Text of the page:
# Installing PyCUDA on Mac OS X

[[!toc ]]

You're looking at the generic instructions for installing PyCUDA on Mac, involving the system Python. If you'd like to use a different Python version (or are running into trouble with these insructions), check these subpages: [[!map pages="^PyCuda/Installation/Mac/[^/]*"]]
If you're running Snow Leopard (Mac OS 10.6), then you might benefit from following these slightly more up-to-date instructions: [Installing PyCUDA on Snow Leopard](http://substance.io/alex/installing-pycuda-on-snow-leopard)

The process of installing PyCUDA on Mac OS X is very similar to the Linux one. In fact, you can use the shell (Terminal) for all operations. Below are the components used to build/use PyCUDA:

• Mac OS 10.5.7 (previous versions should work fine.)
• Nvidia's CUDA toolkit. CUDA 2.2 is the latest one to date and it works fine in OS X.a
• A C++ compiler, preferably a Version 4.x gcc.
• MacOSX10.4u.sdk from Apple Developer Tools package.
• NumPy 1.2.1.
• MacPython 2.6.2. (Python 2.5.1 comes pre-installed on Mac OS X should work just fine.) (You can install Xcode and not bother installing the C++ compiler and Mac OS SDK separately. However, Xcode will take 2+ GB of your drive.)

## Pre-install Tips

• Snow Leopard comes installed with Python 2.6.1. It may be in your best interest to stick with this version for now until someone else can show us how to run a newly installed version of MacPython in 32-bit mode. Read below why we want to run python in 32-bit, but basically it has to do with the fact that CUDA 2.2 currently only supports 32-bit mode, and hence PyCUDA as well.


$tar xfz pycuda-VERSION.tar.gz  ## Step 2: Install Numpy PyCUDA is designed to work in conjunction with numpy, Python's array package. Here's an easy way to install it, if you do not have it already: $ cd pycuda-VERSION
$sudo "python distribute_setup.py" # this will install distribute$ sudo "easy_install numpy" # this will install numpy using distribute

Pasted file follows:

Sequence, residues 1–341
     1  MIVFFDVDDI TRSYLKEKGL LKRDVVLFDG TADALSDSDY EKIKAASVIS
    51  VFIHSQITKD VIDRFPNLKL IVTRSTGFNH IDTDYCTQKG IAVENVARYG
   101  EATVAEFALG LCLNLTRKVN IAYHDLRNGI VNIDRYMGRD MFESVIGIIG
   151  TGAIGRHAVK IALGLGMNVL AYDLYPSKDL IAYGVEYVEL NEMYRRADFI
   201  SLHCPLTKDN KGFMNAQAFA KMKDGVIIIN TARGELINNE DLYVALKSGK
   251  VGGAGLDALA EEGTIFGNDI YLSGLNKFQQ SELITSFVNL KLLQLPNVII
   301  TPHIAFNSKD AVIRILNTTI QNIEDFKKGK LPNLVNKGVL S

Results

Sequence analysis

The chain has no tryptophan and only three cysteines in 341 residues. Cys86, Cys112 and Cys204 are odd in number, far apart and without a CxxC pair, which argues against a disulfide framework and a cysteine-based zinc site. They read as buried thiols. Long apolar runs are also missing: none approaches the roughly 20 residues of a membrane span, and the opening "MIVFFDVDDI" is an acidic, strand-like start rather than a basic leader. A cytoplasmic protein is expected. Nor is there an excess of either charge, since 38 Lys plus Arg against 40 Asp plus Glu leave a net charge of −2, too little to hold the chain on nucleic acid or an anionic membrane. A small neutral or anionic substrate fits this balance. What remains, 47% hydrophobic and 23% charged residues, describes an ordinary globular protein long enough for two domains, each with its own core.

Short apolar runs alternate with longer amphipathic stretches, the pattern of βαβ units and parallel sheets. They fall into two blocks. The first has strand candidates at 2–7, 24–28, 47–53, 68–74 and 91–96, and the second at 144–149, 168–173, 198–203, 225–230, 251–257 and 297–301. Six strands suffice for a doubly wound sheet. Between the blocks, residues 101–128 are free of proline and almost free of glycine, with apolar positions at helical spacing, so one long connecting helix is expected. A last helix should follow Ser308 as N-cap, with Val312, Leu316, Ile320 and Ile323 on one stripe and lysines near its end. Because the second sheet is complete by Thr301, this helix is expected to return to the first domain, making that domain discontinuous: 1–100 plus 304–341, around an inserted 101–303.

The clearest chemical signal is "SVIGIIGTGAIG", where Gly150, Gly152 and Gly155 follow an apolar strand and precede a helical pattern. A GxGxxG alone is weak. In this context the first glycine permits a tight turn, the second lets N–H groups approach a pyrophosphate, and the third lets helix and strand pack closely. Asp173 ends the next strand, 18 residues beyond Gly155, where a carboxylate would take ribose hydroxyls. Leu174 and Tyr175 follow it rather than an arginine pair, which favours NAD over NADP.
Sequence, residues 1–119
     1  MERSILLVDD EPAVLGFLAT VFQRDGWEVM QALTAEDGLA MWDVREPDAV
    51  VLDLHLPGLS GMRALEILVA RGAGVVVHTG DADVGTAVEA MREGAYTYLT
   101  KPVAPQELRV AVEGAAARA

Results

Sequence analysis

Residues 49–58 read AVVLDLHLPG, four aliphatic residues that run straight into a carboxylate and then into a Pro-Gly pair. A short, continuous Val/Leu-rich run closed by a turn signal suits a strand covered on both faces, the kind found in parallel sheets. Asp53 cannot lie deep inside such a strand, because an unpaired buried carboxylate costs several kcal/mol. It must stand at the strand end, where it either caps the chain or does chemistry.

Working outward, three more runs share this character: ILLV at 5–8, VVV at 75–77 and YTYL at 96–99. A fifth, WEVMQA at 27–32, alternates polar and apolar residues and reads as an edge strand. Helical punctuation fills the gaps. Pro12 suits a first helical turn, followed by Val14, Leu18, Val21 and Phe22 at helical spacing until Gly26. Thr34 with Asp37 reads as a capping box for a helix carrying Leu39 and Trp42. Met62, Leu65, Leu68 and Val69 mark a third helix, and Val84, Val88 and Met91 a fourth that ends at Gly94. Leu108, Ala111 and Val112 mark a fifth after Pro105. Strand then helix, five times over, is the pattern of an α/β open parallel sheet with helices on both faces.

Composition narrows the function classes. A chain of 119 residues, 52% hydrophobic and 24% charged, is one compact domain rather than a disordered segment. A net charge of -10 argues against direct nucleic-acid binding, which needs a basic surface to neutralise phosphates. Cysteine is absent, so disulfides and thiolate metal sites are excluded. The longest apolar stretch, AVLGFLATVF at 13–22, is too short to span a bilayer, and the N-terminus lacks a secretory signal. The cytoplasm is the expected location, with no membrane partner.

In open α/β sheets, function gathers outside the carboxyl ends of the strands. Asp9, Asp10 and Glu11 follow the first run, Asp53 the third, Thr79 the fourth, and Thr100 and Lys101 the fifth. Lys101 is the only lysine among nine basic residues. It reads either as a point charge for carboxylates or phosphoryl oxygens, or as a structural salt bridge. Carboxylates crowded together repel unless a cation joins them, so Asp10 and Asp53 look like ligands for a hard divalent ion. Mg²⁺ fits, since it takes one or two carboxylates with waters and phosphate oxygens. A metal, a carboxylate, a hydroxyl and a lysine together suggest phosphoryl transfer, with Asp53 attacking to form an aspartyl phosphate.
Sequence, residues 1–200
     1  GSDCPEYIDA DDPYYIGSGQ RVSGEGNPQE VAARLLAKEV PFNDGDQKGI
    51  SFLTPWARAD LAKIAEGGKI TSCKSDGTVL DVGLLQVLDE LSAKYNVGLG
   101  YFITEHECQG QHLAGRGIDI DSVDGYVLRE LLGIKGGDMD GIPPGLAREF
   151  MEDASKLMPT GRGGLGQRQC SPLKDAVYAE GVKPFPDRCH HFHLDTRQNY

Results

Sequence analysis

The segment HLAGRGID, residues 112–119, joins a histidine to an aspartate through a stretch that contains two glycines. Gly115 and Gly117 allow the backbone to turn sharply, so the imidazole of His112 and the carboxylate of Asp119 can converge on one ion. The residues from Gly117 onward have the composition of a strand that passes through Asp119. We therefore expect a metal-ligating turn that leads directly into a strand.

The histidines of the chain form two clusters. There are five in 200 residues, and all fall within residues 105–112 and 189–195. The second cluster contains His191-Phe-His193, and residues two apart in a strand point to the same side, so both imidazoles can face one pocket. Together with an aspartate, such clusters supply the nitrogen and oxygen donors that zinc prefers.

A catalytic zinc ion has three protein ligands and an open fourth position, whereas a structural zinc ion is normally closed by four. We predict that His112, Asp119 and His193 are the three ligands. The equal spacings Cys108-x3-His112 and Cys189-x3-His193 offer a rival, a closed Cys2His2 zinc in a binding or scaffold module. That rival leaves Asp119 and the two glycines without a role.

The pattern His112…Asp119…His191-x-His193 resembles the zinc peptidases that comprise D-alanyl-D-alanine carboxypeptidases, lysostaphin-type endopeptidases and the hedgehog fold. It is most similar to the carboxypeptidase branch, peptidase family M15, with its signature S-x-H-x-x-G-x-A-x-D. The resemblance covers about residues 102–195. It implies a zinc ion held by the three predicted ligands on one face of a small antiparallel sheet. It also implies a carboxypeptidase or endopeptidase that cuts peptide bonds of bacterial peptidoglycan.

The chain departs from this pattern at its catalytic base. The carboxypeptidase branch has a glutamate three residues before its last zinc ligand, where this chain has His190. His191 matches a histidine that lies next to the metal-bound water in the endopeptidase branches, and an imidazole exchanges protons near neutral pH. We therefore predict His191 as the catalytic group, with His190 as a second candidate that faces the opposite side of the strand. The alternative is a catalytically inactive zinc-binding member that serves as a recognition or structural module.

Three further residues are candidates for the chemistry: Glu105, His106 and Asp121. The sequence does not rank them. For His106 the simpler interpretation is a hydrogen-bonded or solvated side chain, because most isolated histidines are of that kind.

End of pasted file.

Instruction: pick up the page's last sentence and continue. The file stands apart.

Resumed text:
If you're not sure try import numpy at the Python prompt. Don't repeat these commands for the Mac system Python.

## Step 3: Build PyCUDA

Next, just type:


$cd pycuda-VERSION # if you're not there already$ python configure.py --cuda-root=/usr/local/cuda/



siteconf.py should look like:


CUDA_ROOT = '/usr/local/cuda'
CUDA_ENABLE_GL = True

# if on Snow Leopard, include these lines:
CXXFLAGS = ["-arch", "x86_64", "-arch", "i386"]
LDFLAGS = ["-arch", "x86_64", "-arch", "i386"]

CXXFLAGS.extend(['-isysroot', '/Developer/SDKs/MacOSX10.6.sdk'])
LDFLAGS.extend(['-isysroot', '/Developer/SDKs/MacOSX10.6.sdk'])



Now it's time to build PyCUDA


$python test_driver.py  If it says "OK" at the end, that means your installation of PyCUDA was successful. Reward yourself by checking out the [[!PyCudaDoc tutorial desc="tutorial"]]. # Notes about Snow Leopard Python on Snow Leopard defaults to a 64-bit executable. You can check this by typing:  import sys print sys.maxint  If it's ~2 billion, you're running Python in 32-bit mode. If it's a huge number, you've got a 64-bit Python. Either should be fine. If you'd like to, you can force Python on Snow Leopard to run in 32-bit by setting a special environment variable:  VERSIONER_PYTHON_PREFER_32_BIT=yes  Or you can make this change permanent and global by writing this to the defaults:  defaults write com.apple.versioner.python Prefer-32-Bit 1  ## Fatal Python error: Interpreter not initialized (version mismatch?) If for some reason you are unable to get Boost to link against the correct python, you can use install_name_tool to relink it against the correct one. For example, the following command will relink from the System Python (2.6.1) to the MacPython (2.6.4) on Snow Leopard:  % install_name_tool -change /System/Library/Frameworks/Python.framework/Versions/2.6/Python /Library/Frameworks/Python.framework/Versions/2.6/Python libboost_python.dylib  ## Fatal Python error: pytest.py not found You might have gotten this if you install PyCUDA before PyOpenCL. Simply install pytest before running the confidence tests. $ cd pycuda-VERSION/test # if you're not there already
$sudo easy_install -U pytest$ python test_driver.py



# Installing PyCUDA on Mac OS X 10.7 Lion with CUDA 4.0

Installing PyCUDA on OS X 10.7 is a bit easier than with 10.6 and other versions. This is because many of the earlier PyCUDA dependencies now come preinstalled with 10.7 Below are the components used to build/use PyCUDA: